Iindy Countdown:/I Five 500S
May 25, 2001 | 12:00 A.M. EST
Competitors from CART, NASCAR and the Indy Racing Northern Light Series have come together to fight for the right to have their face featured on the Borg-Warner trophy, but only one will have the honor.
In other words, the 85th running of the Indianapolis 500 is expected to be one of the most memorable in a long time.
There are plenty of memorable moments of past Indy 500s, and 2001 will have to be pretty special to top them. Here are some of the highlights that this year’s Greatest Spectacle in Racing will have to live up to.
Gordon Johncock vs. Rick Mears: The year was 1982, and a young, lightning-fast Rick Mears is gunning for his second Indy 500 win in three years while the soft-spoken veteran Gordon Johncock tries for his second win in 18 starts.
Eventually, it would come down to the final 14 laps of the 66th running of the Indy 500.
Johncock came in to the pits for the final time on Lap 186, stayed in for 13 seconds and bolted out, 11 seconds ahead of the stalking Mears. The comfortable margin shrunk to 6.4 seconds on Lap 193, and by Lap 196, Mears is just three second behind the No. 20 of Johncock.
The final lap, however, is the one etched into fans’ memories. Mears continued his charge and was right behind Johncock as the white flag is displayed. Mears, driving for Roger Penske, pulls alongside Johncock on the front straight, but Johncock moves down and blocks Mears entering Turn 1.
Mears falls back a bit and regroups on the backstretch. When the two approach Turn 3, Mears catches Johncock again, but Johncock holds him off again. This time, Mears stays right with Johncock and tries another pass on the outside on the exit of Turn 4. Johncock drifts up, and Mears darts to the inside, setting up a drag race to the checkered flag.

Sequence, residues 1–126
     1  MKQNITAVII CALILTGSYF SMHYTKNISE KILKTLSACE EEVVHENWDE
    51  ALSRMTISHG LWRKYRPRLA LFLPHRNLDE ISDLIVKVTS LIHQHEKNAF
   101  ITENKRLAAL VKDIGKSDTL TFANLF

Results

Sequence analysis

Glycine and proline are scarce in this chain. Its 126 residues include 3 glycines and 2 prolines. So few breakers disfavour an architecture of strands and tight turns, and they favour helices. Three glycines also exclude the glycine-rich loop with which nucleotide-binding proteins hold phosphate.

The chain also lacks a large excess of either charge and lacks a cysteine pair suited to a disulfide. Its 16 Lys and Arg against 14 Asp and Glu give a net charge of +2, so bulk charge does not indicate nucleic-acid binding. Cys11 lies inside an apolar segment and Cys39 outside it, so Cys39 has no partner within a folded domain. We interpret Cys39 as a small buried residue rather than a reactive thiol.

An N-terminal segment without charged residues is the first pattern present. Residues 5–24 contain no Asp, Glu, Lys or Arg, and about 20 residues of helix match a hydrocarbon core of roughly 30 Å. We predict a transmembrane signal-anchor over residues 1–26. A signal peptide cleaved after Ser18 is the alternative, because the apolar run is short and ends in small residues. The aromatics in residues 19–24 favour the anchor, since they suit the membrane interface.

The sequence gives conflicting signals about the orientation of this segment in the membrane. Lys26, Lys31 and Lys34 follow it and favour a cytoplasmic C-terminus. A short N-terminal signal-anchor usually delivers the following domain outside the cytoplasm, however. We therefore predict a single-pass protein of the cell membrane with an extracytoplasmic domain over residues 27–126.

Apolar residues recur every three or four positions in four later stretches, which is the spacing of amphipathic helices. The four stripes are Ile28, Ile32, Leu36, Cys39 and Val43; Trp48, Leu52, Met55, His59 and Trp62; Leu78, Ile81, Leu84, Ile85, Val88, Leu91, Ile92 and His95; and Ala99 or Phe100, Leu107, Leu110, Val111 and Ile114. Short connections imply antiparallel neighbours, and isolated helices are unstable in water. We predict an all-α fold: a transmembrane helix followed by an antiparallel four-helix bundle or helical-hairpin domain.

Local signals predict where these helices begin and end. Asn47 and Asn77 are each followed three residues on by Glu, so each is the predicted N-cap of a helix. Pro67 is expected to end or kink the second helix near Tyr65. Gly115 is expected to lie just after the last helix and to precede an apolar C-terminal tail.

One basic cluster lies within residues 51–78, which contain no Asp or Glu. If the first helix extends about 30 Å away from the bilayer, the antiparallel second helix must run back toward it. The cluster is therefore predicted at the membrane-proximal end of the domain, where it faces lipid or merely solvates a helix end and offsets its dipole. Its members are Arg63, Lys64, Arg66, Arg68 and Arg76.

Johncock wins the race to the finish by .16 seconds, then the closest finish in Indy 500 history. The margin of victory represents less than a car length.
Danny Sullivan’s Spin and Win: In 1984, rookie Roberto Guerrero spun his car on the exit of Turn 2 and went on to finish second to Rick Mears. Guerrero won the Rookie of the Year title.
Not to be outdone, Danny Sullivan spun just after passing leader Mario Andretti in 1985 and went on to win the Indy 500 in his third try. It all happened on Lap 120.
Sullivan caught Andretti on the frontstretch and the two race side by side into Turn 1. In the short chute between turns 1 and 2, Sullivan gets around Andretti but loses control of his car. Sullivan gets out of shape right in front of Andretti, completes a perfect 360-degree spin and ends up pointing the right direction. Andretti, just inches away from Sullivan when the spin begins, sprints away.
“For some reason, I thought there were only 12 laps left,” Sullivan said. “That’s why I was anxious to get by Mario.”
Forty laps after his close call, Sullivan tries an identical pass of Andretti in the same turn but completes it successfully.
Sullivan would go on to win the Indy 500 title for Roger Penske.